Positive Affect in Middle Childhood: Associations with Mothers' History of Depression 公开

Cullum, Katherine (2016)

Permanent URL: https://etd.library.emory.edu/concern/etds/6969z084j?locale=zh
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Abstract

Children of mothers with a history of depression are at elevated risk for depression. Reduced positive affect (PA) may represent a vulnerability to depression. The rate of depression increases in adolescence, albeit specifically for females. Thus, middle childhood may be an important developmental period for understanding PA as a vulnerability to depression. Forbes and Dahl (2005) proposed a model in which PA is characterized by four features: behavioral, hedonic, motivational, and physiologic. Yet most studies have examined only one or two of these features of PA in relation to childhood risk for depression. The current study built upon the literature by examining all four features of PA. We investigated the extent to which a sample of 131 8 to 10 year-old children with and without a maternal history of depression differed in terms of each feature of PA. We expected that children of mothers with a history of depression would show lower PA across features relative to controls. We further expected that associations between maternal depression history and PA would be stronger for females than for males. Lastly, we explored the extent to which mothers' current depressive symptom level accounted for additional variance in PA. To test these hypotheses, we took a multi-method approach that included: self-reports, observed affect coding, performance on a behavioral monetary reward task, and physiologic measures (EEG and RSA). Analyses failed to support the hypothesis that mothers' history of depression would be associated with child PA or that the association would be stronger for females. Females reported higher hedonic PA, although there were no other significant sex differences. Mothers' current symptom levels did not contribute to the prediction of child PA beyond other variables in the model. Results are discussed in terms of potential methodological and developmental implications as well as directions for future research.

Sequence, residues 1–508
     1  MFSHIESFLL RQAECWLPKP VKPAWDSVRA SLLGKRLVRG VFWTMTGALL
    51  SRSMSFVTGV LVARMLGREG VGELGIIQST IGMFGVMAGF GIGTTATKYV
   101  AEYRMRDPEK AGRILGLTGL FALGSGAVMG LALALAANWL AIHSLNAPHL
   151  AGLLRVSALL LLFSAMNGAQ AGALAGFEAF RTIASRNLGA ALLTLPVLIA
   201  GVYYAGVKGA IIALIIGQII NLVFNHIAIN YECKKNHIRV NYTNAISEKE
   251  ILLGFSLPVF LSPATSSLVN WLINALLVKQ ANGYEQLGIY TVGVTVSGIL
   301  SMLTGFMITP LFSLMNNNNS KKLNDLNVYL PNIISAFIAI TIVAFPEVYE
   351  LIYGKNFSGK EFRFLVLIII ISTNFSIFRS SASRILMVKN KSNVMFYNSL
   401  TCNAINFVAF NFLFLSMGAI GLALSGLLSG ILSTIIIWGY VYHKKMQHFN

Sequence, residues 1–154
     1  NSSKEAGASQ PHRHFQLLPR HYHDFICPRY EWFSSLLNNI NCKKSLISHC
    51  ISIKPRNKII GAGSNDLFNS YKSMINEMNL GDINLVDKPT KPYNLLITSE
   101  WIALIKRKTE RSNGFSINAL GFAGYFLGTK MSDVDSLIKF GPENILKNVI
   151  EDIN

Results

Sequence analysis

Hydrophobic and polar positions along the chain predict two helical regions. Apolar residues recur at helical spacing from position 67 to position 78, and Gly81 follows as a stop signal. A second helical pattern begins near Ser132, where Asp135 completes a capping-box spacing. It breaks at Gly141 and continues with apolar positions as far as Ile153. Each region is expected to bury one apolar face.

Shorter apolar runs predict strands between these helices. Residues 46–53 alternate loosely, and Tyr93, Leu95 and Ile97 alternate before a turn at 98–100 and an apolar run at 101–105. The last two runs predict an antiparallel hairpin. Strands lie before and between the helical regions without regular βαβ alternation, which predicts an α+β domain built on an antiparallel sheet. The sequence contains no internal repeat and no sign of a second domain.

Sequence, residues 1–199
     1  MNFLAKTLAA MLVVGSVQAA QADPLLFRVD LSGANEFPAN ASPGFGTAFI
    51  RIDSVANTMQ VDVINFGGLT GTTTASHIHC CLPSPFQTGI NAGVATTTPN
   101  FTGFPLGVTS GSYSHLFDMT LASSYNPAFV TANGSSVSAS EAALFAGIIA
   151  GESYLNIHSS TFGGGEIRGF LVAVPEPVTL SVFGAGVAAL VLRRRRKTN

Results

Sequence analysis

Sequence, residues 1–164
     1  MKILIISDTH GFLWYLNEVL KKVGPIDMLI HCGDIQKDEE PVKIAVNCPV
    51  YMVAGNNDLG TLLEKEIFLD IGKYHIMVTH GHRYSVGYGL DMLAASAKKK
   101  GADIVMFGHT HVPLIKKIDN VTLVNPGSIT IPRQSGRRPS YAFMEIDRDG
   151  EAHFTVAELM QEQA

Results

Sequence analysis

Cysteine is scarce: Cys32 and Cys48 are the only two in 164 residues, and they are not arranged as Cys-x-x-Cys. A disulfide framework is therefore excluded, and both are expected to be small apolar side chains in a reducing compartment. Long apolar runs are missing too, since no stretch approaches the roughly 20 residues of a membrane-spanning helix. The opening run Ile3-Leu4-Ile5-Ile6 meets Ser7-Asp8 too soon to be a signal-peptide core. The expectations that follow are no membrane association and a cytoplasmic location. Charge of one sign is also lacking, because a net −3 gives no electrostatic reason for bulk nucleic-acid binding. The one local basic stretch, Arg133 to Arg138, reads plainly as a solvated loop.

Table of Contents

Table of Contents
I. Introduction ………………………………………………………….…….1
II. Methods……………………………………………………………….…..12
III. Results ………………………………………………………………........20
IV. Discussion ………………………………………………………………..23
V. References ………………………………………………………………..29
VI. Footnotes ……………………………………………………..……..……38
VII. Tables….……………………………………………………..……..….…39
VIII. Appendix………………………………………………………………....44


List of Tables
Table 1. Demographic Characteristics According to Maternal Depression History
Table 2. Mean Scores, Standard Deviations, and t-tests for the Differences between Children With and Without a Maternal History of Depression on Features of Child PA
Table 3. Associations between Current Maternal Depression Symptoms And Child PA Variables
Table 4. Results of Multiple Moderated Regression Analysis

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